Starring Geoff Tate “The Original Voice” Friday, August 23rd Doors open @ 8pm $20 Ages 18 +
By Lisa Morgan
Once again, the Date Shed has managed to procure a headliner that has created a vociferous buzz throughout the valley. Friday, August 23rd, the infamous progressive rock band, Queensryche, fronted by original founding member, Geoff Tate, will be performing songs cherry picked from their catalog of over 200 songs. Grammy nominated, singer/songwriter, Geoff Tate, is widely revered as one of the most skilled vocalists in the rock genre, inspiring fans of the four-time Grammy nominated Queensryche to purchase over 25 million albums worldwide since its inception in 1982.
Tate will be joined by longtime friend, guitarist and producer Kelly Gray. Gray originally worked with Tate in the band Myth in the late 1970s, and has produced records for a number of artists, including Queensryche, Candlebox and Dokken, to name a few. Keyboardist, Randy Gane, noted for his deep Hammond B3 sound (awarded a Gold Album on Candlebox’s debut CD) and rich orchestrations will be combining his skills with Tate and Gray, with whom he also previously worked with as co-founder of the band Myth. Guitarist, Robert Sarzo who is widely known for his work with the band Hurricane will be adding to the power of the strings alongside brother and bassist Rudy Sarzo. Rudy has been part of rock and roll history with his contributions to Ozzy Osbourne’s band, Quiet Riot and Whitesnake. His recordings with all of these artists combined have sold over 30 million copies. He was also a proud member of the multi-platinum Heavy Metal group DIO until the passing of Ronnie James Dio.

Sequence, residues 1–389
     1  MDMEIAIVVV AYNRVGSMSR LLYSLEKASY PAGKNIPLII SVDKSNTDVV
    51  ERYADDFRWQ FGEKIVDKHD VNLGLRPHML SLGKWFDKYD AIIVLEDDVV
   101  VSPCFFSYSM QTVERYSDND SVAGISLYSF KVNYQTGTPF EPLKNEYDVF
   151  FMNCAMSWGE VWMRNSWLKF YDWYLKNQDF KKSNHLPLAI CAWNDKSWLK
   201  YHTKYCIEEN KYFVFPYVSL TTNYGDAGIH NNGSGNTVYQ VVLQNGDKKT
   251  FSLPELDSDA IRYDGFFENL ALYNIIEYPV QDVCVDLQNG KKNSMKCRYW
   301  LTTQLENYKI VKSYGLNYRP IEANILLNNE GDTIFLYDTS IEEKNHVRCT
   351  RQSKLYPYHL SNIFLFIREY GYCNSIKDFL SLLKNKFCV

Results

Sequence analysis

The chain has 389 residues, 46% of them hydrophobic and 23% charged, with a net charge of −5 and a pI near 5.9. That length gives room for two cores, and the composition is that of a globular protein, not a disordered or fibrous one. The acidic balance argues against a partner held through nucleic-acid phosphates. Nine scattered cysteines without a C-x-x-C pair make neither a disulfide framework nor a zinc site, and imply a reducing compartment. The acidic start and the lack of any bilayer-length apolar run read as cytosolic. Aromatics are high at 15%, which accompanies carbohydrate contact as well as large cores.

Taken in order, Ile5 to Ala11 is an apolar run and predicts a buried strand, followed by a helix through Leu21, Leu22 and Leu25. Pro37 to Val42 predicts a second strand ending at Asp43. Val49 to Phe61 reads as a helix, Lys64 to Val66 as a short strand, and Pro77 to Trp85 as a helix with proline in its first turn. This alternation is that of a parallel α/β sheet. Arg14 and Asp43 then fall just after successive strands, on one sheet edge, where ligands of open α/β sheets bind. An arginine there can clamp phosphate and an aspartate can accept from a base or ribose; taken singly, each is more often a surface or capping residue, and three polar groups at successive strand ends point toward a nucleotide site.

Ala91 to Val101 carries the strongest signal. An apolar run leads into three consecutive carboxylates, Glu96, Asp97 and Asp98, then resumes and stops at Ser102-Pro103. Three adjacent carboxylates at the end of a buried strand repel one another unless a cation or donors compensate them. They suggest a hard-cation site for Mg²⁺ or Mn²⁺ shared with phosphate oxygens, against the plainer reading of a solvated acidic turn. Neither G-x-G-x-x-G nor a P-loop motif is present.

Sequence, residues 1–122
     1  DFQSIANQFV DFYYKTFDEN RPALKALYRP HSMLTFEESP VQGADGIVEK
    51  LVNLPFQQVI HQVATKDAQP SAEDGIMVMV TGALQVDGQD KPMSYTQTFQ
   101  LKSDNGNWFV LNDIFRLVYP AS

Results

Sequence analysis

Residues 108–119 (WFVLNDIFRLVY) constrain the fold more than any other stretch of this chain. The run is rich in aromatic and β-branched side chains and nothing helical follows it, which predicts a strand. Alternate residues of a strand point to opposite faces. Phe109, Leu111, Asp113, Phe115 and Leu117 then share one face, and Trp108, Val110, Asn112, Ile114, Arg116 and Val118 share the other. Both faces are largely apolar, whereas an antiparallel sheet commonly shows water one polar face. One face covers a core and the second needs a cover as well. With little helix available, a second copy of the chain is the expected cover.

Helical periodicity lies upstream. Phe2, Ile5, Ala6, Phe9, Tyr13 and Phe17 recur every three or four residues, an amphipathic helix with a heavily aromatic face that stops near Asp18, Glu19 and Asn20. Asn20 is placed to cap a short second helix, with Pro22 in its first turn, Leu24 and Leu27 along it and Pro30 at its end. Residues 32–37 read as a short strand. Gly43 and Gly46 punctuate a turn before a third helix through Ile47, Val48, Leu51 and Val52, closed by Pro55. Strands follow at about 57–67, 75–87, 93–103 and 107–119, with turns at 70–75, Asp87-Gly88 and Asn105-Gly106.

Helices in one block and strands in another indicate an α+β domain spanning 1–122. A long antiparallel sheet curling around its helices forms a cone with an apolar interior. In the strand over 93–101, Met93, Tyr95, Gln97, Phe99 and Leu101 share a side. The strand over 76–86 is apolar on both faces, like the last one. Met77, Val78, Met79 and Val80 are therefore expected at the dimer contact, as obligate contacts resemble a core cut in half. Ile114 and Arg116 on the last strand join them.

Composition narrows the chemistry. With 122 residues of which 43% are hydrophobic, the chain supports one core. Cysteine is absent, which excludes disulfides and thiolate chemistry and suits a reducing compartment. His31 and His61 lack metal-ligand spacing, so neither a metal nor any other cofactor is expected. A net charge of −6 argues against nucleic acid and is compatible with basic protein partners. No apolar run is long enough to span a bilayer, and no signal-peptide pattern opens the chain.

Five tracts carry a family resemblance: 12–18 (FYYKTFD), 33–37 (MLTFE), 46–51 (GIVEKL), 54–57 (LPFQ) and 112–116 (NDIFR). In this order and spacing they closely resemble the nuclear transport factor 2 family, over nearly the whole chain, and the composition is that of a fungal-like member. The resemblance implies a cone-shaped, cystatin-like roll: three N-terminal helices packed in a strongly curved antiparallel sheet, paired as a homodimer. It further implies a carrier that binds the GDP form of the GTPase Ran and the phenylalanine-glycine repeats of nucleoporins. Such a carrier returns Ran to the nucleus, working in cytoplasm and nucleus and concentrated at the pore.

Since 1982, Queensrÿche has been successful in the progressive rock scene, having received worldwide acclaim for their 1988 album Operation: Mindcrime, considered by many to be one of the greatest concept albums of all time. Their follow-up release, Empire, brought Queensrÿche to the height of their commercial popularity. It peaked at No. 7 and sold more than three million copies in the United States, more than their previous four releases combined (it was also certified silver in the UK). The power ballad from that album, “Silent Lucidity”, became the band’s first Top 10 single.
After 3 decades of success, the band came to a crossroads in 2012. Following a highly publicized backstage altercation before a show in São Paulo, Brazil in April, Tate was fired from the band and replaced with Crimson Glory singer Todd La Torre. On June 12, Tate and his wife Susan (who served as the band’s manager from 2005-2012) filed a lawsuit in a Seattle court against his former bandmates, claiming that he was illegally fired from the band. They also sought a preliminary injunction to prevent both the plaintiffs and the defendants from using the Queensrÿche name. On July 13, 2012, the Washington state superior court defeated this motion, as well as a motion for a preliminary summary judgment filed by the defendants. The ruling in the preliminary injunction was that until the court date in November 2013, both parties are allowed to use the name Queensrÿche. Queensrÿche with Geoff Tate has released the album Frequency Unknown in April, while the version of Queensrÿche with Todd La Torre released their Eponymous album in June. Both bands have toured in 2013.